One of the concerns critics of an EU-UK veterinary agreement have raised is that it could make trade deals with other countries such as the US more difficult, as it would create barriers to their agri-food products coming into the UK.

It was reported in June 2021 that President Biden told the Prime Minister, Boris Johnson, that a temporary UK-EU agreement on food standards would pose no barrier to a separate UK-US trade deal. Asked about these reports when giving evidence to the Northern Ireland Affairs Committee on 16 June, Lord Frost responded:

We have aspirations to agree FTAs with a large number of countries and trading blocs, and obviously the US will be a big and important one, but that does not change the nature of the problem. The fact is that you need control of your own rules to conclude any trade agreements with anybody.

Lord Frost was asked by the Committee if it was true that the EU had offered the UK a temporary SPS agreement that wouldn’t require the UK to permanently align to its standards. He acknowledged that the EU had offered a temporary agreement, which they said could be “negotiated in a matter of weeks”. He was, however, sceptical that it could be agreed that quickly and questioned the longer-term sustainability of such an approach:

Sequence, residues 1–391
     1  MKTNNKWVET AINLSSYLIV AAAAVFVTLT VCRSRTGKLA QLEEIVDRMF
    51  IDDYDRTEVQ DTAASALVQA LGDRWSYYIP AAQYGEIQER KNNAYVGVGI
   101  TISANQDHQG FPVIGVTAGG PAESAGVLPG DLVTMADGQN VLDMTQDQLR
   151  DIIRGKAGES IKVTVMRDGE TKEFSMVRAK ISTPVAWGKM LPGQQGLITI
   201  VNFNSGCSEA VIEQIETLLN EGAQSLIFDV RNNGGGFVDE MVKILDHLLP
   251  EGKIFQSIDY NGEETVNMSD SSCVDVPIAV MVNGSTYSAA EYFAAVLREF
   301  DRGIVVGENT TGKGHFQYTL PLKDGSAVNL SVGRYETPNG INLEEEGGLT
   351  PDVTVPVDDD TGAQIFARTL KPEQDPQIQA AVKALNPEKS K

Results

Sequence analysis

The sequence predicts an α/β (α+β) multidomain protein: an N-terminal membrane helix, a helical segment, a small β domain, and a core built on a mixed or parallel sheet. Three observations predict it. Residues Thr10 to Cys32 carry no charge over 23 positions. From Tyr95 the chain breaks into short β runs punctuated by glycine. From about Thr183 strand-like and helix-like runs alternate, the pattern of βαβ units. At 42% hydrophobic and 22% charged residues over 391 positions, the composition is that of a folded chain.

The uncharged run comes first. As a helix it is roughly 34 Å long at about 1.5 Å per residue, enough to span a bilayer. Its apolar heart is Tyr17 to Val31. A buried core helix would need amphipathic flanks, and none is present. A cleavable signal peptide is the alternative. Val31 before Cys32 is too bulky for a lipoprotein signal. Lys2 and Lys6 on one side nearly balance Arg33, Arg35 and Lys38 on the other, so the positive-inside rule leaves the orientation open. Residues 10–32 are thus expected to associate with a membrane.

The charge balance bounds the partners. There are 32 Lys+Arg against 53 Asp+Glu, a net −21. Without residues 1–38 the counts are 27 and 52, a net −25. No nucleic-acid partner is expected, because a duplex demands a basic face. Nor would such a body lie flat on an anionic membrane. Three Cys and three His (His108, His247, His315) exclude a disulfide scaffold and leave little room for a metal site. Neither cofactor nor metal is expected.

I’ve got to say, on the basis of how long these things take, even with goodwill, given what is at stake here. The timetable is very short. As I said, we have already agreed a deal with Australia, and we have aspirations with New Zealand, the CPTPP and so on, so even if we were willing to contemplate a temporary agreement—we are not—it might be very temporary. Indeed, I could imagine that developments make it irrelevant even before we finish the negotiation.

The UK Government released a series of proposals for modifying the Protocol in a Command Paper in July 2021. The paper did not mention a veterinary agreement. The Government instead proposed that SPS checks be vastly reduced for agri-food goods are only intended to be consumed in Northern Ireland.

Former Labour Shadow Northern Ireland secretary Louise Haigh, has backed the idea of the UK signing a veterinary agreement with the EU.